In the case of Mempa v. Rhay, which the accused pleaded guilty with the advice of court-appointed counsel to the crime of “joyriding” and was placed on probation for two years. Then soon after the sentence was deferred because he was involved in a burglary and sentenced to 10 years in prison but only would receive 1 year with the advice from the parole. This was achieved due the fact that the probation officer questioned by the probationer about the incident and the parolee admitted his involvement. The offender filed a petition of habeas corpus in the State Supreme Court claiming that he had been denied the right to counsel during the probation revocation hearing, the court denied the petition. In later years the offender reoffended and convicted of second degree burglary and then placed on probation, while on probation he was arrested for forgery and grand larceny.
Again at the revocation hearing the defendant had council but never showed but the proceedings still took place. The defendant filed another writ of habeas corpus in the State Supreme Court claiming that he had been denied the right to counsel, the Supreme Court stated that “any indigent is entitled at every stage of a criminal proceeding to be represented by court-appointed counsel, where substantial rights of a criminal accused may be affected.”
Moreover, the Supreme Court considered the legal interests of the probationers and decided that a probation revocation hearing constituted a “critical stage” which dictated adherence to due process protections. I agree with the court’s decision. I believe that counsel should always be present in any legal proceeding due the complexities of laws. Also, counsel also helps prevent against defendants being taken advantage of and mislead into believing something that’s not entirely fact. The only real way to get a fair trial is to be fairly represented in law. Source:
In the proceedings of Gagnon v. Scarpelli, which was a case were a felony probationer was arrested after committing a burglary. When questioned he admit his involvement in the crime, but then later claimed that the confession was made under force, and did not partake in the crime. The probationer was taken of probation and placed in prison. The defendant filed a habeas corpus petition due the reason that the probation revocation was done without counsel and no formal hearing. The petition was upheld and was placed back on parolee The District Court concluded that revocation of probation without hearing and counsel was a denial of due process; The Court of Appeals affirmed.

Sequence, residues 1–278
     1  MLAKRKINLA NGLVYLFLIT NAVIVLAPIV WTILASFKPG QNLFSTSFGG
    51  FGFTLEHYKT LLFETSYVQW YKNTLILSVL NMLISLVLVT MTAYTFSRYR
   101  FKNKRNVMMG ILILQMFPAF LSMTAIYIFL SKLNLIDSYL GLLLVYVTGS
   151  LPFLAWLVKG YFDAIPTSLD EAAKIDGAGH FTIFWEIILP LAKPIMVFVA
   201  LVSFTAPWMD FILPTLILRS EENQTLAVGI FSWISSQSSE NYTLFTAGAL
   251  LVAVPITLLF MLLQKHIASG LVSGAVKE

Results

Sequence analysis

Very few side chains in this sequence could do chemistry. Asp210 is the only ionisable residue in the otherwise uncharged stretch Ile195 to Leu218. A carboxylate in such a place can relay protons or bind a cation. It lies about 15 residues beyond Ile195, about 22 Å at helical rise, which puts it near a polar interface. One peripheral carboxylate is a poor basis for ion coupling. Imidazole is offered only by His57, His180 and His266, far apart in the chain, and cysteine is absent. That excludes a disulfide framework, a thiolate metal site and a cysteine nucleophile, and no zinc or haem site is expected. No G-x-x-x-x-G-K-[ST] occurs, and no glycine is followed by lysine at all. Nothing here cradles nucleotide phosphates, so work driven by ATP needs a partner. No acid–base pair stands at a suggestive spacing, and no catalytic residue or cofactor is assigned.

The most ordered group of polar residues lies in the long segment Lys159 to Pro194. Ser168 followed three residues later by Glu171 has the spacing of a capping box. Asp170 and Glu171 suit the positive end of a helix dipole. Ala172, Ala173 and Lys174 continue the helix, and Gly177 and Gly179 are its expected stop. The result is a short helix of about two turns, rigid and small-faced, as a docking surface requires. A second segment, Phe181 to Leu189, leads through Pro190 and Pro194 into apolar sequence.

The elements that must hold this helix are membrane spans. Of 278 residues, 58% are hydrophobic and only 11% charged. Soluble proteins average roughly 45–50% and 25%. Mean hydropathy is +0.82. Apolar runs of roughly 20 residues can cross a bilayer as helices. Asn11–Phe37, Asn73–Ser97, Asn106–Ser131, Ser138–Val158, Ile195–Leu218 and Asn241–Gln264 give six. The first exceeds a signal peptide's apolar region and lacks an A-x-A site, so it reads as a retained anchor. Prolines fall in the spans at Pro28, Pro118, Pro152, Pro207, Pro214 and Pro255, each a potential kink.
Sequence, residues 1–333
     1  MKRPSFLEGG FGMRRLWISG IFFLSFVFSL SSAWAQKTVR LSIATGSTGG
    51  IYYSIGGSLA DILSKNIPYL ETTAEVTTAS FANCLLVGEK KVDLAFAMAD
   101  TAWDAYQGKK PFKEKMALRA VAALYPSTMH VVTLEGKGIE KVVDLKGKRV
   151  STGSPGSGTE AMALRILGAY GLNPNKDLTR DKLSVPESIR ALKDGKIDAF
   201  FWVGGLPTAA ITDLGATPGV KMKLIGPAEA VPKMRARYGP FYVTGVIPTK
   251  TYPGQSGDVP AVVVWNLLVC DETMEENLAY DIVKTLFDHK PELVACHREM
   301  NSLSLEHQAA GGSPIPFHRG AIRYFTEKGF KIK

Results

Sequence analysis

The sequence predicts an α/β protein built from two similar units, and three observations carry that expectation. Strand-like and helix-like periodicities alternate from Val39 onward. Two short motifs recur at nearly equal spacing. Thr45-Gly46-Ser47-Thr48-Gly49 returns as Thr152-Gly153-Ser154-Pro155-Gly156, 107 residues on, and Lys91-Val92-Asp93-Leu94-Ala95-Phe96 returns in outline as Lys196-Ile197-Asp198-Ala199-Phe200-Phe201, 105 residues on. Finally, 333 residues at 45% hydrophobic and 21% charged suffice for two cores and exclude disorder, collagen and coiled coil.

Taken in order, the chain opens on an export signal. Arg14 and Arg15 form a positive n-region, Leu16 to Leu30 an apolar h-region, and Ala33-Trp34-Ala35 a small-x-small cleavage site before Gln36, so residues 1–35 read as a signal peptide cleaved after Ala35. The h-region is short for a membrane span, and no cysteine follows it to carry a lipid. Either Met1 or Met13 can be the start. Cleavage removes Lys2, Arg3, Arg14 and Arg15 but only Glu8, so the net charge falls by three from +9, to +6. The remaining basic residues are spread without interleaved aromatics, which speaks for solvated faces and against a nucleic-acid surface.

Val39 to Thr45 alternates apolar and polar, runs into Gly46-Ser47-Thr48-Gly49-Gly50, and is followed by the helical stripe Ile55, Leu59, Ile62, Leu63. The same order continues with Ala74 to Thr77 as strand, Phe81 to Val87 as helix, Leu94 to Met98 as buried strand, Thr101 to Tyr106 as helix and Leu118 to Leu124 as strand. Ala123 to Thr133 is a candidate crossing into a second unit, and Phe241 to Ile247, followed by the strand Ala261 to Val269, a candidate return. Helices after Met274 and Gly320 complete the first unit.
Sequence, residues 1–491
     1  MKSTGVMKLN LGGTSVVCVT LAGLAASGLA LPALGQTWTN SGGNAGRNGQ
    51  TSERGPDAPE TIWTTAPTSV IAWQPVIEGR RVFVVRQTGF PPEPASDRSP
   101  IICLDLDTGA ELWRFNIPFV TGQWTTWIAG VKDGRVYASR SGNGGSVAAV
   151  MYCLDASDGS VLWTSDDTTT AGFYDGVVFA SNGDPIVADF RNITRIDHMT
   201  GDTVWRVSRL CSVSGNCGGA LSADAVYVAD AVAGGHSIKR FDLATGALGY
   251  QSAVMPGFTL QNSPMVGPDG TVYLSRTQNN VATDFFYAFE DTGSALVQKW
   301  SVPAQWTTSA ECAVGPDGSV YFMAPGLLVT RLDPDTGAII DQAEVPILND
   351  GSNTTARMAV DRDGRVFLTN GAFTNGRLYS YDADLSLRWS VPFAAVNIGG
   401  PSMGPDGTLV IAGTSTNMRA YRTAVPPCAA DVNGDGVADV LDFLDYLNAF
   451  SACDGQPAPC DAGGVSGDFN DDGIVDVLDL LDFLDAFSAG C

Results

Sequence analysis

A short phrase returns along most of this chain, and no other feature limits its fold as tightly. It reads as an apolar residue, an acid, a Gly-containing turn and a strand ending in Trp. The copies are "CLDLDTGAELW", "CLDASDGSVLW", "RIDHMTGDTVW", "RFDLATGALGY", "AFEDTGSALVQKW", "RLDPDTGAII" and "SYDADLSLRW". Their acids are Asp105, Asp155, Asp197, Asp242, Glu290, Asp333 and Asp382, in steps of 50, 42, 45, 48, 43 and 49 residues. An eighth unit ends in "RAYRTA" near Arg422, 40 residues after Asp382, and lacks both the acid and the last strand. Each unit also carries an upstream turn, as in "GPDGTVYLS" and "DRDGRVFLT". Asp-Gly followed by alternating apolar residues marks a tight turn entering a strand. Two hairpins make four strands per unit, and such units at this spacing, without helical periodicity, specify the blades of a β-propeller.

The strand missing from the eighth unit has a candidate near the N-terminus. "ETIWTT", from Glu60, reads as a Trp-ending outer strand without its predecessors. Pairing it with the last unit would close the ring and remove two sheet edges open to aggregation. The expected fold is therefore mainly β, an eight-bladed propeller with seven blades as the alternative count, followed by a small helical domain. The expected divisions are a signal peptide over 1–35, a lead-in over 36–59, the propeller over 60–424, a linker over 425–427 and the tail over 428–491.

Moreover, the Supreme Court decided that where “liberty interests” are involved, probationers are entitled to retain certain due process rights. These rights include: (A) written notification of the alleged violations; (B) preliminary hearing which a judicial authority will determine whether sufficient probable cause exists to pursue the case; and (C) if warranted, a revocation hearing. I believe that the court made the right decision; parolees should have the right to be aware of accusations take against them. They should also be able to defend themselves in any proceedings, specifically any proceedings that could reduce freedoms such as being placed back into prison. Source:
Black v. Romano was case which the defendant was placed on probation for a substance abuse offense. While on probation, he was charged with leaving the scene of an automobile accident which is a felony crime. After a hearing, the judge who had originally sentenced the offender, the judge found that accused had violated his probation conditions by committing a felony. The judge then revoked probation and ordered the defendant to be placed into prison. After unsuccessfully seeking post-conviction relief in state court, defendant filed a habeas corpus petition in Federal District Court, claiming that the state judge had violated due process requirements by revoking probation without considering alternatives to incarceration.
The District Court agreed and ordered respondent released from custody. The Court of Appeals affirmed. In this case, I don’t agree with the outcome. The Due Process Clause of the Fourteenth Amendment does not indicate that a judge has to consider alternatives to incarceration before revoking probation. Also, the original terms of the probation were that defendant receives probation with a suspended prison term. Meaning if the defendant violates the terms, he most fulfills the second part of the sentence which was prison. Additionally, the offender committed two separate crimes on two separate occasions therefore should receive punishments for each offense.